Former physicist Cherie Goodenough is always in startup mode.
Through her company, Crux Consulting, in Davis, Calif., Goodenough fosters clean-energy and biomedical technologies, cultivates real-world applications from fundamental research, and employs business sense and engineering project management to help bring products to market.
A self-described lapsed physicist with a master’s degree in high-energy physics as well as in political science, Goodenough says she constantly relies on her physics education.
“A physicist’s way of thinking about a problem, dissecting it and writing it down, is very powerful,” she says. “Those are skills I’m glad I have.”
Much of Goodenough’s work involves bringing together members of industry, academic research groups and outside investors to hone and commercialize beneficial technologies from the labs of her current client, the Center for Biophotonics Science and Technology at the University of California, Davis.
Through a National Science Foundation grant, being matched by investors, CBST is working hard to get such partnerships underway.
For example, CBST, Lawrence Livermore National Laboratory and Keaton Raphael Memorial cancer fund are working together to improve the analysis time of a new technique called “laser tweezers Raman spectroscopy,” which can distinguish between healthy and leukemic cells without destroying them. Faster analysis would allow this approach to be used in diagnosing and possibly treating cancerous cells in a medical, not just research, setting.
“In addition to recruiting partners and marketing projects, one of my roles is to bridge the cultural divide between industry and academia,” Goodenough says. “Time scales are different. The CBST junior scientists must publish, which makes some industry partners nervous. [But] it isn't usually too difficult to fulfill the needs on both sides once the conversation is started.”
It took some time for Goodenough to braid her interests together. After her undergraduate years in her hometown of Victoria, Canada, Goodenough sought a job in industry. But in 1994, local companies seemed to want engineers, not physics majors.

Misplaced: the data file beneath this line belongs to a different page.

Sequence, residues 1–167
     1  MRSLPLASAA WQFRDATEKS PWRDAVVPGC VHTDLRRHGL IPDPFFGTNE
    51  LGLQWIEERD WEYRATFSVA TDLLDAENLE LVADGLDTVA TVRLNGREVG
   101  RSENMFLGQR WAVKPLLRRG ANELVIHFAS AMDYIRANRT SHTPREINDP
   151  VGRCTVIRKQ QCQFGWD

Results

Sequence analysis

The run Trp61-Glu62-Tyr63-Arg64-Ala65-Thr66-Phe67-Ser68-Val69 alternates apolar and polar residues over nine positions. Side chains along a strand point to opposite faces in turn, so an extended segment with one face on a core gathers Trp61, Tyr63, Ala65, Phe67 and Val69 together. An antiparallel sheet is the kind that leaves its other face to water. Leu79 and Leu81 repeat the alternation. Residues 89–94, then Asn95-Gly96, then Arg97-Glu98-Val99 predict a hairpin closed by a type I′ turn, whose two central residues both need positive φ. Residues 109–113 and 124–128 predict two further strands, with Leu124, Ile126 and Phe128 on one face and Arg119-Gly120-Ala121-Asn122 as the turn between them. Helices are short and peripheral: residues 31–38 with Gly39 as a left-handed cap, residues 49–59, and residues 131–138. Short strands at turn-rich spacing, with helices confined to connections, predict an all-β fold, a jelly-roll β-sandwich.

Goodenough began a graduate program in experimental high-energy physics with the University of British Columbia, joining a Canadian crew designing the drift chamber for the then-upcoming BaBar experiment at SLAC National Accelerator Laboratory. They did studies to optimize the gas mixture for the chamber, which detects charged particles and their energy, and built a prototype to test chamber components.
Working at SLAC, and earning a small graduate stipend made smaller by conversion from Canadian to US dollars, Goodenough lived in just half of a Palo Alto garage. Silicon Valley rent costs were booming.
One night Goodenough complained to her fellow band mates (she sang and played keyboard with several SLAC students and their tech-industry friends).
“I had $11 and 11 days until the next paycheck. Again,” she says.
You’re in Silicon Valley, the techies responded—physicists are in high demand! Two weeks later, Goodenough was completing her master’s degree, exiting the PhD program, and signing on with a tech company called Opal (fetching a recruiting bonus for one of her bandmates).
As an application engineer, Goodenough trained operators and custom-programmed the scanning electron microscopes that measured critical dimensions of circuits set on silicon chips to frequently check the precision of chip assembly.
Goodenough’s new boss told her, “I know I can throw a physicist at a challenge and they can fix it.”
“That’s been my experience as well,” Goodenough concurs. “Maybe it’s the arrogance of physicists; we think, well, I don’t know anything about that, but I’m sure I can do it. I find out what’s been written on the topic, I start from first principles, I know it’s discoverable.”
Goodenough applied her technical know-how while gathering business experience at Opal and other small companies in Silicon Valley; at the University of California, Davis; and at Los Alamos National Laboratory, where she spent a few years managing a fluid dynamics lab.
Then, in 2007, she created her own startup, Crux Consulting. One of her clients, telecom startup Quagga, went from “chaotic” and “broken” to thriving, says co-founder Ken Apperson. A Fortune 500 company then purchased it for a handsome sum.
“It was Cherie’s ability to design business processes and then integrate them throughout the organization that was key to our survival,” he says. "She tackled each issue she faced here with such rapt fascination that one would have thought we were a Higgs boson.”